TEHRAN, Iran — Nearly a month after Iranian President Mahmoud Ahmadinejad introduced sweeping cuts to the country’s long-standing subsidy system, a much-feared violent backlash by the Iranian public — which has long been accustomed to some of the cheapest gasoline and other commodities in the world — has yet to take place.
The Iranian government, using a combination of financial handouts aimed at the poor and middle class and a large security presence in the days after the announcement, has successfully managed to temper the public reaction to the deep cuts, which resulted in steep increases in the cost of everything from gas to bread.
Kevan Harris, a sociologist at Johns Hopkins University, who makes regular research trips to Iran, said that although average Iranians generally believe the country's oil belongs to the people and should be kept cheap, the cash handouts have softened the blow.
“The check-is-in-the-bank tactic is clever,” he said in reference to the electronic payouts the government is now making to about 60 million Iranians. “And I think it deflates a lot of the anger.”
The drastic subsidy cuts have come just as severe international sanctions, levied against Iran by the United States and its allies in an effort to stymie the country's nuclear program, begin to take hold. The sanctions will likely only get worse after talks with Iran last week fell apart without a deal. The sanctions, together with the subsidy cuts, have hit average Iranians hard, giving rise to concerns that the dire economic situation could give rise to a popular revolt.
Economists, however, long criticized Iran’s dependence on government subsidies not only for its crippling effect on the Iranian budget, but also because it nurtured a wasteful culture among the Iranian people.
In one state television report, a correspondent looked at how bread subsidies had created wasteful consumers, with one homemaker remarking, “Prior to this, we used to get 20 or 30 loaves of bread, of which five used to rot in the fridge. Presently, I buy five loaves and use it for two days and after the two days are up we buy again.”
Such interviews have been common in Iran’s media in recent weeks — another apparent attempt at gaining support among the public for the subsidy cuts.
In an article in Hamshari, a newspaper published by Tehran’s municipal government, a chart showed the subsidized price of electricity, which increased fivefold after the cuts. It noted that the new price is still only a quarter of the utility’s true value.
Still, although Iranians have not erupted in violent protest as a result of the subsidy cuts, the increased costs have increased the pressure on some of the country’s more vulnerable citizens. Most utility costs have risen five-fold and cheap gasoline, long considered a birthright by Iranians, is a thing of the past.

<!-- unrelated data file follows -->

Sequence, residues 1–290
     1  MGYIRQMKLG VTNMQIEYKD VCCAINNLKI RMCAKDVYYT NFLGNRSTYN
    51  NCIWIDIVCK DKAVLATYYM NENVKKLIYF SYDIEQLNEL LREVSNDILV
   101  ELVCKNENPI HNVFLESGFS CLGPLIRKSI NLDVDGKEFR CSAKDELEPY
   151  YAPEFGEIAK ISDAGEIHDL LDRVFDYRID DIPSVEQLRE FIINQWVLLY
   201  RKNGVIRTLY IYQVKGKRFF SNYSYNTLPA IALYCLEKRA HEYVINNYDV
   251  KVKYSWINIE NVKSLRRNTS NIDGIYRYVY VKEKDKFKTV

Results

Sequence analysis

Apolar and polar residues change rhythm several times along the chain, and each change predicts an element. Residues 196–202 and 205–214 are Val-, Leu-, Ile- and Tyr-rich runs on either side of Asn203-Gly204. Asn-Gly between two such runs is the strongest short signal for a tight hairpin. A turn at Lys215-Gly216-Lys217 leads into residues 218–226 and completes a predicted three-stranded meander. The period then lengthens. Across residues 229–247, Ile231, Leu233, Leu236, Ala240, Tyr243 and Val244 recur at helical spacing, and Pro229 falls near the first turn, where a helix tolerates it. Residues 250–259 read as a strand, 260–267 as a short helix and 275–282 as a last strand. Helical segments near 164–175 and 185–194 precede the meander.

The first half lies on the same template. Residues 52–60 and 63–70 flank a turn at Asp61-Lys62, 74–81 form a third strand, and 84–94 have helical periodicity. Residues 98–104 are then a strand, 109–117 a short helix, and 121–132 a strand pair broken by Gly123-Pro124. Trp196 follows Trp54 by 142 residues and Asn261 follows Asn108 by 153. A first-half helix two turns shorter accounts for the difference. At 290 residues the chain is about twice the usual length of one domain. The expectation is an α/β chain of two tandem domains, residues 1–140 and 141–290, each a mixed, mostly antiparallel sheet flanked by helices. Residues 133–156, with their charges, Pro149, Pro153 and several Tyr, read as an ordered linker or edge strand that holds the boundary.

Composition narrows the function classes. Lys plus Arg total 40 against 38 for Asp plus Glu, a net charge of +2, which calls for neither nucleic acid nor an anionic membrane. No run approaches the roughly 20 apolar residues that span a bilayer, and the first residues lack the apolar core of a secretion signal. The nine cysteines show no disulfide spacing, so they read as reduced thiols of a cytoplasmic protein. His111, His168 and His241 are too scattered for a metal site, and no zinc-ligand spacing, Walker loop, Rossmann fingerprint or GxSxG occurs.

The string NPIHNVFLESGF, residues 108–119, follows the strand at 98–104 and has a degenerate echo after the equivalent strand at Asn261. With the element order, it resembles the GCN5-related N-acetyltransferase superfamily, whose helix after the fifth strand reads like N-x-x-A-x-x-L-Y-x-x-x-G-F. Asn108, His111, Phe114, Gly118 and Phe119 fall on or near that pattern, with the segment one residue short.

A gallon on the open market now costs about $2.80.
“The subsidy reforms and the cash deposits are great for farmers and people who live in the country,” Abbas Hosseini, a small business owner in Tehran, said. “For people who don’t iron their clothes, watch television or need electricity at night it’s fine. But for my family and me it will be a disaster.”
Others, however, have resigned themselves to the new economic realities.
“People are already getting used to the higher price of gasoline,” one Tehran taxi driver said. “No one was driving when the subsidy cuts were announced, but look at it now — there’s just as much traffic as ever before.”
Well, maybe not quite as much as before. The oil ministry announced in the first weeks since the cuts that gasoline usage in the country had dropped considerably, signaling an early victory for the supporters of the plan.
While gauging a decrease in traffic has been difficult, it is clear that commuters are increasingly turning to public transportation, which in Iran is cheap and relatively efficient — a bus ticket costs about $.10, while a one-way subway pass is less than $.25.
Scuffles, mostly between taxi drivers and passengers, angry at fare increases, have become commonplace, and although the state has said it will severely punish those who excessively raise prices for goods and services, since Iran’s economy is almost entirely cash-based, enforcement is nearly impossible.
It is too early to predict what the ultimate impact of the subsidy cuts will be, Harris said. But he does not see them as the patent failure so many predicted.
“They deserve credit for carrying out an economic policy that Iran’s elites have wanted to carry out for 20 years,” he said. “If this is coupled with jobs programs and help for industry, re-capitalizing the banking system and diversifying the economy into more upstream products than simply oil, then we can talk.”